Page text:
Pope Emeritus BXVI is offering a life of prayer & sacrifice to the Church, his petition and intercession avail much graces because he is a pious man.
        Pope Emeritus BXVI closeness to St.JP2 means a lot, Why?
        St.Jp2 openly told that the Final Confrontation is about to happen and he said in his reflection that we are now living in the Time of Mercy.The signs of times are showing..
        When Pope Emeritus BXVI became Pope, he carried the vision of St.JP2 and continued the Mercy path started by St.JP2.
        As Pope Emeritus BXVI said beautifully;
        “The Heart of the Gospel is Divine Mercy”
        and guided all the faithful by saying;
        “Do not lose the vision, God always guide His Church.”

        And now, Pope Francis is continuing too, the path of Divine Mercy declaring the Year of Mercy and this phrase;
        “The Divine Mercy is Infinite but the Time of Mercy is Not”.

        Al this three Popes in unison are guided by the Holy Spirit in one continouos direction.
        To proclaim the Divine Mercy.
        Pope Francis acknowledge the vision of his predecessors, by saying the signs of times are in our midst.
        The prophecies are unfolding in our times, the clear one is Akita and LaSalette…this are twin apparition Akitan bearing the image originating from Our Lady of All Nation.

        You must view, the Two Popes from “spiritual warfare” point of view, if not you won’t grasp its meaning.
        As for me, in 1884 satan was granted more power to destroy the Church and Pope Francis sees it now by saying the Great Accuser is somehow unchained. That speaks a lot. if satan was granted more power…the Church must countered it with great power too..this is where the Two Popes tandem becomes relevant.

        If you don’t elevate your vision to spiritual nature of battle you will miss the important elements why were experiencing the Great Tribulation.


  5. Ralph says:

    I wonder how many of Pope Francis’ detractors are from the United States. I would imagine that at least most of the ones with a heavy social media/Internet presence are Americans. We need to confront the fact that American Catholicism is now heavily polarized along political lines with different sides taking their cues on Catholicism from secular politics. For a long time this was seen as only a problem on the left where all of the Cafeteria Catholics supposedly were. But now with Pope Francis it is clear that there is a big cafeteria on the right as well, and they have a lot of money and a big presence in the media, especially online.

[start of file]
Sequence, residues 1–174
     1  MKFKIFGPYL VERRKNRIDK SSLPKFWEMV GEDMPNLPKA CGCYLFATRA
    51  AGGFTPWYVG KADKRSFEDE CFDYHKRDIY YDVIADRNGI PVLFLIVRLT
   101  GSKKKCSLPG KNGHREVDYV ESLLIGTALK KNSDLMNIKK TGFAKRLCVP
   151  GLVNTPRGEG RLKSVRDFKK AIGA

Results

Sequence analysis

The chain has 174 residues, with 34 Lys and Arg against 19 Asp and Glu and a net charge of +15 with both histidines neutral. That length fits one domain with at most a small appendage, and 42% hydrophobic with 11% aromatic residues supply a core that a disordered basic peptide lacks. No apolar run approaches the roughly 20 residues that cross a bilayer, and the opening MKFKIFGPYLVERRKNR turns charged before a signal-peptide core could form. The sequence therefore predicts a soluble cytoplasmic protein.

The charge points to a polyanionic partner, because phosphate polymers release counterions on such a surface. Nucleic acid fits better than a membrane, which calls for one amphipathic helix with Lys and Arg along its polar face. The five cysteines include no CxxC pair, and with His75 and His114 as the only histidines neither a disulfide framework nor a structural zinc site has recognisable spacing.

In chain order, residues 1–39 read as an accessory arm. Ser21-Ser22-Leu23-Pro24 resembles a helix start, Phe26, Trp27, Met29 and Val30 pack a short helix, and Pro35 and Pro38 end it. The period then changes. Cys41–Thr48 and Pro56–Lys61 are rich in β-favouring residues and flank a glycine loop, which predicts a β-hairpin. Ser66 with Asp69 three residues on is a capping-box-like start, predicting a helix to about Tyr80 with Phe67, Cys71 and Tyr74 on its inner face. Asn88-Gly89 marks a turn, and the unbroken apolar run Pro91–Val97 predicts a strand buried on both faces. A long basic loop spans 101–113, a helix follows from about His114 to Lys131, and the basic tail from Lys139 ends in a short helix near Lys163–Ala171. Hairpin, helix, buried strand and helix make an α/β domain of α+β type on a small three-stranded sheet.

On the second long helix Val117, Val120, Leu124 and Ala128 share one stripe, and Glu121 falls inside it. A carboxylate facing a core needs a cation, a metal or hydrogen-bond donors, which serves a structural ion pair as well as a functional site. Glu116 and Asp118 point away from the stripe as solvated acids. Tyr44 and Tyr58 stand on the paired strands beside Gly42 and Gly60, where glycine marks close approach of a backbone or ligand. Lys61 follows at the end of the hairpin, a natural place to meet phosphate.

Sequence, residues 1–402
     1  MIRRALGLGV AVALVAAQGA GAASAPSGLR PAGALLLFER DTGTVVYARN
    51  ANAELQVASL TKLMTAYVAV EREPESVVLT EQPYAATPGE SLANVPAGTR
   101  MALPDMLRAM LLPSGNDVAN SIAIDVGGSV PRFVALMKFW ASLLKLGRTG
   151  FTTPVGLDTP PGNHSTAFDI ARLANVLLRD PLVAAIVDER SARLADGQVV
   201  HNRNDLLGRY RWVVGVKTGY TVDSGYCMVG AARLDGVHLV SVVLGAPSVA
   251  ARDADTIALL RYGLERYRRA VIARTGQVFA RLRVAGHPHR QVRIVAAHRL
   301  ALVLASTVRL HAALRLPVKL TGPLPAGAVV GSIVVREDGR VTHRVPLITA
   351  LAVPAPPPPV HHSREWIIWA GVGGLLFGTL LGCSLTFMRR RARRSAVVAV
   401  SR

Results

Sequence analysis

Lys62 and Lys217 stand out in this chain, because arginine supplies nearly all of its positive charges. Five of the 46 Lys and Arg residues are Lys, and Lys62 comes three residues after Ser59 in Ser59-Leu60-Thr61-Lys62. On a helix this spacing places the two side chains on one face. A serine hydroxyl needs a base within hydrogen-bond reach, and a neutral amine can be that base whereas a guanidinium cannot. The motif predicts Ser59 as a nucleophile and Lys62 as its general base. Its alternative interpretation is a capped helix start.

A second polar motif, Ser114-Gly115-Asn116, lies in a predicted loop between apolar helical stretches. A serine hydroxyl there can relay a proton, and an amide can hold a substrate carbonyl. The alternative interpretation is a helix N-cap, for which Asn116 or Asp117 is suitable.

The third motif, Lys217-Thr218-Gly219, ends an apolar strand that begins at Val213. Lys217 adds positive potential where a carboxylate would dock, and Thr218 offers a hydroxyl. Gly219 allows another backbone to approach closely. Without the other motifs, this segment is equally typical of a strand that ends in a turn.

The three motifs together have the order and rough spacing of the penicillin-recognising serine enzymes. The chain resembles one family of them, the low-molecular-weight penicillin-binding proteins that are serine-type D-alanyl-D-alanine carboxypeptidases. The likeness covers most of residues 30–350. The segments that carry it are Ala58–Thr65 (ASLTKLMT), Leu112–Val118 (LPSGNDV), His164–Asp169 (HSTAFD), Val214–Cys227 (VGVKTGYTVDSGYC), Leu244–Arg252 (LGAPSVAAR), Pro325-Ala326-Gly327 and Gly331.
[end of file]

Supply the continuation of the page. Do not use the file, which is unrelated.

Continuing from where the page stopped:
Politics explains the vast majority of the opposition to Pope Francis. It all stems from this pope’s emphasis on issues where the Catholic Church breaks with American conservative orthodoxy, especially economics and the environment. That is where all of this started and the opportunistic and vile weaponization of the sex abuse scandal to attack Pope Francis is an outgrowth of that. Many of these people and institutions (like EWTN) used to be strong defenders of the papacy under previous popes even though their records on issues like sex abuse were no better than Pope Francis’ and arguably worse. What changed?

    This is all about politics and not principle.

    • Mike Lewis says:

      I believe it’s partly the case, although I think deep down there is a battle for the heart of the Church, and it’s theological and spiritual. They can’t win that fight against Francis, so they try to attack him in other areas, like politics or exploring the sex abuse crisis.

  6. jong says:

    Pope Francis will be the Greatest Pope in 2000 History of the Church, why?

    No Popes have fought Satan UNCHAINED and with more power granted by God to infiltrate & destroy the Church from within.
    Not to mentioned the church critics & enemies who daily attacks & persecutes Pope Francis and shout “CRUCIFY HIM, CRUCIFY HIM,CRUCIFY HIM”.

    Pope Francis fighting all the enemies upfront. The Great Accuser UNCHAINED plus his demons & human cohorts not to mentioned the growing forces & activity of Rad Trads, Sedes, Fake Christians, Non-Religious,Agnostics, Atheist etc. name it.
    All of this enemies combined to destroy the Church and daily attack the dignity of Pope Francis.

    Wow! No Pope have ever lived to fight Satan and his armies in this Final Confrontation in this magnitude.

    But, Pope Francis is a Master in the Art of Spiritual War.
    Look how he respond to packed of wild dogs, people acting with no goodwill and only want to scandalize.
    Pope Francis respond with a LOUD SILENCE, Silence and silence….
    The fruit of SILENCE is PRAYER, and only a “prayerful silence” can defeat the forces of darkness, we are not fighting flesh & blood here, Pope Francis will never stoop down on worldly fight. Pope Francis will only engage and fight the spiritual forces behind every wicked persons who are like a packed of wild dogs.

    Can Pope Francis defeat Satan UNCHAINED united with his demons & human cohorts combined?YES!